What types of complaints will the Law Society deal with?
Through its disciplinary process the Law Society deals with matters relating to the professional conduct of lawyers. For example, issues relating to a lawyer’s failure to reply to communications; failure to report on a transaction; unreasonable or unexplained delays; improper handling of trust funds and misleading, rude and/or discriminatory behavior are matters involving lawyers’ professional conduct. This is not an exhaustive list but merely illustrates the type of conduct regulated.
The disciplinary process will not result in compensation to the complainant.
Is your complaint confidential?
The Law Society cannot guarantee the information that you or any other person provides will remain confidential because:
- we must share some or all of the information with the lawyer you are complaining about;
- we may give copies of documents received from you and any other person to the lawyer; and
- we may share personal information (such as names, addresses and telephone numbers) with the lawyer.
Can you complain about someone else’s lawyer?
The Law Society cannot intervene in the conduct of another party’s lawyer unless the lawyer has breached the Code of Professional Conduct which all lawyers must follow. What may appear as improper conduct to someone who is involved in a dispute may well be conduct which does not breach those rules. In most cases, lawyers are acting in the best interests of their clients and in accordance with their clients’ instructions. Lawyers are under a duty to act according to their client’s instructions and to keep information and instructions received from their clients confidential. The Law Society cannot interfere with these duties.
If your complaint arises out of Court proceedings, please note that Court proceedings are, by their very nature, adversarial. The issues are often very personal and unsettling and emotions can run high. One side may be unhappy with the other side’s lawyer. However, it is important to realize that matters involving Court proceedings are regulated by the Rules of Court, as well as by the general practice of the Courts. If one side is not “playing by the rules”, the other side usually has a remedy through the Court. In most cases, it is for the Court to decide on the conduct of Court proceedings. The Law Society cannot interfere with the legal process.
For the above reasons, it is essential that you discuss your complaint with your own lawyer, if you have one, to determine whether your lawyer shares your view that a complaint to the Law Society is appropriate.
As the Law Society cannot help you with every kind of complaint, here is some information about other resources which may be able to help you:
- the Law Society cannot provide legal advice. If you need legal services, you need to see a lawyer.
- if you believe you are the victim of a crime, contact the police.
- if you have concerns about the outcome of your legal case you should discuss your concerns with your lawyer or speak to a senior member of your lawyer’s firm. A law firm is interested in keeping its clients happy.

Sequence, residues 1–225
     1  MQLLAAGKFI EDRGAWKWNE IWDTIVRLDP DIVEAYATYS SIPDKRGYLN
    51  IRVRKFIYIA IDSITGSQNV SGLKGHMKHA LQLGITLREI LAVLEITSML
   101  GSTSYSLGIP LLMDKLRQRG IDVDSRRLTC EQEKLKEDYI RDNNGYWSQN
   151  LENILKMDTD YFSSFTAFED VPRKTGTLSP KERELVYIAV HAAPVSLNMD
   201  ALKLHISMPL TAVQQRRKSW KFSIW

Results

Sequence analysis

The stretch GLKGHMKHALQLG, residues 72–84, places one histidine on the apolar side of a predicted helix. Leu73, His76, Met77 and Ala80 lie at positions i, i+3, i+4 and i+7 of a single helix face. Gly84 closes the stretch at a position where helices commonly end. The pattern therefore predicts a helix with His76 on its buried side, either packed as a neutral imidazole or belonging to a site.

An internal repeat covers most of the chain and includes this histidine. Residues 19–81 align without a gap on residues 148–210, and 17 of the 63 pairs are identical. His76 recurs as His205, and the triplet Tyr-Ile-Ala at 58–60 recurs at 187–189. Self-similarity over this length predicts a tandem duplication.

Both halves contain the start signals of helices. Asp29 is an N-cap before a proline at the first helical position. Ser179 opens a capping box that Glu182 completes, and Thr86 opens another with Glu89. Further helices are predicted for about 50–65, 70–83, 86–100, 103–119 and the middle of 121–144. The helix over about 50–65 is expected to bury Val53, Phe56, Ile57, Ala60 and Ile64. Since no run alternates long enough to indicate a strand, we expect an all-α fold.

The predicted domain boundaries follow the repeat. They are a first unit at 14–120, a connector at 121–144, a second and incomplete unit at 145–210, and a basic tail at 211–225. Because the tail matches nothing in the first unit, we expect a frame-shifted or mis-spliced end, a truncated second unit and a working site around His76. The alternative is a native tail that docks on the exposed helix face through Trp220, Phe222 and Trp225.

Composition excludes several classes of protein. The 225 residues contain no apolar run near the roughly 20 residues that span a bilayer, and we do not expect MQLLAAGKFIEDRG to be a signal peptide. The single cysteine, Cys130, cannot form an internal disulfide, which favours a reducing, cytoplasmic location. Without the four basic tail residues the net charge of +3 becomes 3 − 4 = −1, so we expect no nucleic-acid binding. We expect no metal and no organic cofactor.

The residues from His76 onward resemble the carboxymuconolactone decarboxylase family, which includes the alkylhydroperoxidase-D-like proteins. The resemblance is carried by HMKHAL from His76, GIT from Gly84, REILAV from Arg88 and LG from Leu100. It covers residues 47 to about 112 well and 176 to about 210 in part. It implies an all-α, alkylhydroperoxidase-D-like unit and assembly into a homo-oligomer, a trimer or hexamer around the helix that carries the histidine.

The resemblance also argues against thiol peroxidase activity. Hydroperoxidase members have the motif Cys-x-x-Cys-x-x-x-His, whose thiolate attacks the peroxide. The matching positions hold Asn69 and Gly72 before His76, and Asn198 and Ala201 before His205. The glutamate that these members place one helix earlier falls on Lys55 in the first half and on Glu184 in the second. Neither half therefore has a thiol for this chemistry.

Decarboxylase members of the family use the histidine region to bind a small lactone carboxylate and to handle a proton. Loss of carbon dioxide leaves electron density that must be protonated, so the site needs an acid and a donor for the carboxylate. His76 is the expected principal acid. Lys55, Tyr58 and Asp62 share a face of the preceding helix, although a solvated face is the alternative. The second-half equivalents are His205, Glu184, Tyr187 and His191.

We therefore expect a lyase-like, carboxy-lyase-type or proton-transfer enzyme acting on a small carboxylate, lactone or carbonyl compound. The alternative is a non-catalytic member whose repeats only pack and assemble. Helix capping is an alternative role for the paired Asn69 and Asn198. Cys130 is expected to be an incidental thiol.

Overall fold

- if you have lost confidence in your lawyer you can retain another lawyer. You will probably be required to settle the first lawyer’s account before you can obtain your file and before a second lawyer will take your case.
- for legal information and assistance in finding a lawyer, you may contact the Public Legal Information Association of Newfoundland and Labrador (PLIAN), toll free at 1-888-660-7788 or visit their website.
- under certain circumstances you may qualify for Legal Aid. You may contact the Newfoundland and Labrador Legal Aid Commission, toll free at 1-800-563-9911 or visit their website.
- The Law Society cannot reduce your bill, but the law firm may do so in appropriate cases.
- If you believe the fees charged by your lawyer were too high, you may request an itemized account from your lawyer.
- If you are unable to resolve your concerns with your lawyer directly, you may apply to have the fees reviewed through the taxation process.
Lawyer Negligence (saying that your lawyer made a mistake)
- The Law Society cannot pay you money or make a lawyer pay you money because of the lawyer’s mistake.
- Your complaint to the Law Society regarding a lawyer’s conduct does not amount to your making a claim against that lawyer with respect to potential negligence on their part.
- If you believe that your lawyer was negligent, you may wish to seek legal advice about your options, bearing in mind that limitation periods exist after which you will not be able to pursue your claim.
- Information about how the Lawyers’ Insurance Program works may be found in the insurance section of the website.
How do you file a complaint with the Law Society?
- Provide a signed original letter of complaint. The Law Society is unable to proceed with a complaint that is not in writing.
- Be factual. Give a brief description of the events that have occurred and on what dates.
- Attach a copy of any documents that relate to your complaint.
- Please do not send original documents
- Send the letter of complaint with copies of relevant documentation to:
Director of Professional Responsibility
Law Society of Newfoundland and Labrador
PO Box 1028
St. John’s, NL A1C 5M3